March 14, 2010

How to Read The Sound and the Fury - Part II

I'm not even sure I need to add this post to the previous one; there's not much to say about "how" to read parts two to four of The Sound and the Fury, you just have to read them as you would any other work of fiction, perhaps a little slower, and in the second part you should still pay attention to the use of italics, but otherwise the rest of the book is not as impregnable as the first part.

I guess the biggest question is: "Does the novel still make sense if you skip the first section, and should you read it that way?" to which my somewhat evasive answer would be: "probably, and probably not." You might not feel like you're getting much out of the first section while you're reading it, but what you do get is an almost intangible sense of the relationships between the main characters, which you pick up intuitively, and perhaps that was one of Faulkner's goals in using Benjy as a narrator.
That said, I must admit this book does not make it into my list of "best books I've ever read," and I don't think it deserves to be in sixth place on the Modern Library's list of 100 best novels of the twentieth century (but I have much bigger problems with that list, such as its inclusion of such dreadful works as Scoop and The Bridge of San Luis Rey, and the exclusion of Miss Lonelyhearts, Nightwood, and The Waves). I am almost tempted to say that this novel gained such a significantly higher spot than the two other works by Faulkner included in the list (As I Lay Dying at 35 and  Light in August at 54) simply because it was more impenetrable, rather than actually being superior to them in terms of style, content, or plotting (but I would have to read the other two before I could rightfully make such a claim).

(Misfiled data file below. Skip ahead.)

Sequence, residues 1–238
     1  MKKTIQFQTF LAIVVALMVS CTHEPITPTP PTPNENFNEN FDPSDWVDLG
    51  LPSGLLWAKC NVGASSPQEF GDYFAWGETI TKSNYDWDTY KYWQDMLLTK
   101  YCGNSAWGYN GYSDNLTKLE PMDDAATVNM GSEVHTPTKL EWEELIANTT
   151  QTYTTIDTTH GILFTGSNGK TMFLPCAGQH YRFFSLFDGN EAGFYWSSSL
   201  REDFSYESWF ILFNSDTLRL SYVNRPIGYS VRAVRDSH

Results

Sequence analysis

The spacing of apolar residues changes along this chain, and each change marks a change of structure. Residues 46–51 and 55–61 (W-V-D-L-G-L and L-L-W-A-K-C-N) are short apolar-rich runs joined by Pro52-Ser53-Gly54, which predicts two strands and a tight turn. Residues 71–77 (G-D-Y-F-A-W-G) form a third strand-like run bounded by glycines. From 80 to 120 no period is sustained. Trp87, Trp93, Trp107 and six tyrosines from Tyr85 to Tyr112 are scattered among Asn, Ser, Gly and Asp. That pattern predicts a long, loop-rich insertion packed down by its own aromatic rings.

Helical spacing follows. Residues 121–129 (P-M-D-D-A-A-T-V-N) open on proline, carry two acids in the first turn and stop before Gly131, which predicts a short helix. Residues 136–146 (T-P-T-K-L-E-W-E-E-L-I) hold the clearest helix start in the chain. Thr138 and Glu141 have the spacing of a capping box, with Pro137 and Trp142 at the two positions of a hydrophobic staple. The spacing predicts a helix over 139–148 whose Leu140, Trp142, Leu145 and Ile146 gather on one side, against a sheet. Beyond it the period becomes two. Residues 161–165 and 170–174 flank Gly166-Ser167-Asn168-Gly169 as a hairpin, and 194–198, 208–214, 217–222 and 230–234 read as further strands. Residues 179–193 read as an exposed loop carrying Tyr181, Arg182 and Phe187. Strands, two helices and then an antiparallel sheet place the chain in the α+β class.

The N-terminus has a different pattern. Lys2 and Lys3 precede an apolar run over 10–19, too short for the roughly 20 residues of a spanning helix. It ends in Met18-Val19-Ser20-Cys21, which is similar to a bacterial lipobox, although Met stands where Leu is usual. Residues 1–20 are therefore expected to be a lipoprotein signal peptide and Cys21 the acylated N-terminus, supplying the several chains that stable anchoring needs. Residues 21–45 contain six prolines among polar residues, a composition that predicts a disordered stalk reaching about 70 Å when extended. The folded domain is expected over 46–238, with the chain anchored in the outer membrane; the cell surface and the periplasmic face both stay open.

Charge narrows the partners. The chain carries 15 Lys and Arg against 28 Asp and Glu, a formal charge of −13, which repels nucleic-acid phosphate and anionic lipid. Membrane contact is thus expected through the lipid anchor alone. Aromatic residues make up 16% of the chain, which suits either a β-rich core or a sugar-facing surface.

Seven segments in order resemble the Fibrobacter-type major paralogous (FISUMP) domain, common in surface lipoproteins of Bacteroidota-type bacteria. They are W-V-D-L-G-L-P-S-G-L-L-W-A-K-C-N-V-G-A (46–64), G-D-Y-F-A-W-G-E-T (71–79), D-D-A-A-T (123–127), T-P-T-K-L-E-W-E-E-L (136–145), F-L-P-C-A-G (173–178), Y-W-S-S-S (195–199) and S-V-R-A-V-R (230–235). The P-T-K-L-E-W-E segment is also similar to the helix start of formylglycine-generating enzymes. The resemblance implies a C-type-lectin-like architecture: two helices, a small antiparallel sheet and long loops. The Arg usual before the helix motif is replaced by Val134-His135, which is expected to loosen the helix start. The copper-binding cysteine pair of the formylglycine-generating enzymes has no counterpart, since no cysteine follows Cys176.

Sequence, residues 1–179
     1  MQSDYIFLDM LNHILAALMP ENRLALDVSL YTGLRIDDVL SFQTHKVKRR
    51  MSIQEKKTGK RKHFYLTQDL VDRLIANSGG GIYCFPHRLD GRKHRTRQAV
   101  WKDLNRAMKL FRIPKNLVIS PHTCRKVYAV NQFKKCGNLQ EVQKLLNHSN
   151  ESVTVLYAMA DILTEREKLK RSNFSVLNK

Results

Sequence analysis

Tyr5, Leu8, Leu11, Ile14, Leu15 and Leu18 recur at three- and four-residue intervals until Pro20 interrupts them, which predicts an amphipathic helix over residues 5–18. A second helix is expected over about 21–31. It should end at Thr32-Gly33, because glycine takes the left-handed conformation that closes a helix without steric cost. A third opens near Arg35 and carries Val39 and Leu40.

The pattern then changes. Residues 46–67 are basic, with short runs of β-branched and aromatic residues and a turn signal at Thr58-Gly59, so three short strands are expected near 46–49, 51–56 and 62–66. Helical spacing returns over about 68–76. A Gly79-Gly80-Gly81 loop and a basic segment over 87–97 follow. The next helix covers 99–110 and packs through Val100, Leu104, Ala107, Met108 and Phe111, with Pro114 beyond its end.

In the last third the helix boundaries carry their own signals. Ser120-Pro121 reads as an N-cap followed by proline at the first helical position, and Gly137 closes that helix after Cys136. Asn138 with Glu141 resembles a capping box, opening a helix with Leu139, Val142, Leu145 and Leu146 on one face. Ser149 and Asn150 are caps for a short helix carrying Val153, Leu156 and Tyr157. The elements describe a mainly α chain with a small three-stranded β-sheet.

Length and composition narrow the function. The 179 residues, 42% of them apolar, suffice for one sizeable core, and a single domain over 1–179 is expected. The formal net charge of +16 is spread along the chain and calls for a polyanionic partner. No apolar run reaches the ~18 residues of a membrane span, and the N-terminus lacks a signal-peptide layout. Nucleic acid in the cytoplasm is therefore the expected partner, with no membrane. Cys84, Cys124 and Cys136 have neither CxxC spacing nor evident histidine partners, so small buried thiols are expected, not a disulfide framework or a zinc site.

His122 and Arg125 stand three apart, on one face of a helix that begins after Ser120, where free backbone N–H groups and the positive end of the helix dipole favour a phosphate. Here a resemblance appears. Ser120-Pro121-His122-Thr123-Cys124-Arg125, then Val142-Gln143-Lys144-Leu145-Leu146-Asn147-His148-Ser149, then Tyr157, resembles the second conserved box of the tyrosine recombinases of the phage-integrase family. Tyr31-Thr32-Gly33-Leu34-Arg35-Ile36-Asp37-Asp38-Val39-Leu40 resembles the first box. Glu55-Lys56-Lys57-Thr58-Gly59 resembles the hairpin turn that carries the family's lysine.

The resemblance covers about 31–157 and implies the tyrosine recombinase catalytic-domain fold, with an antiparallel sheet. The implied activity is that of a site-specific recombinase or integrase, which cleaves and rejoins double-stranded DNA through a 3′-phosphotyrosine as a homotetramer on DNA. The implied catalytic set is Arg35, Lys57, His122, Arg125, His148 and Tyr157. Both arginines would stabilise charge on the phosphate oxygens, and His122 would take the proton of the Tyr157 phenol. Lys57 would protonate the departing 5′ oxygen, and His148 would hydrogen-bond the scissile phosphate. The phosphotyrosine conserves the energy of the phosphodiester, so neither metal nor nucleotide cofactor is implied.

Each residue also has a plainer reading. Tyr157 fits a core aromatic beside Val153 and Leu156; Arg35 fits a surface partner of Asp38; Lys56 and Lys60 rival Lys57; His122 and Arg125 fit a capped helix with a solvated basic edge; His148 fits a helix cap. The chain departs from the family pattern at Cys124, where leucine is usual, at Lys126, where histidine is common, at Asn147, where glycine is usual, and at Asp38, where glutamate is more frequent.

Nevertheless, I would still recommend reading The Sound and the Fury; the second part, narrated by Quentin, has an interesting feel about it, reminiscent of the classic "lonely student walking the streets" Modernist trope, as in Dostoevsky's Notes from Underground, Knut Hamsun's Hunger, and many others, but  mostly I think the book should be read for the fascinating character of Jason Compson, who can rightly take his place next to The Great Gatsby's Tom Buchanan as one of literature's greatest a-holes. The book has also made me interested in reading more of Faulkner's work, which I'm sure is exactly the kind of response every writer secretly wishes for his readers to have at the end of his book.

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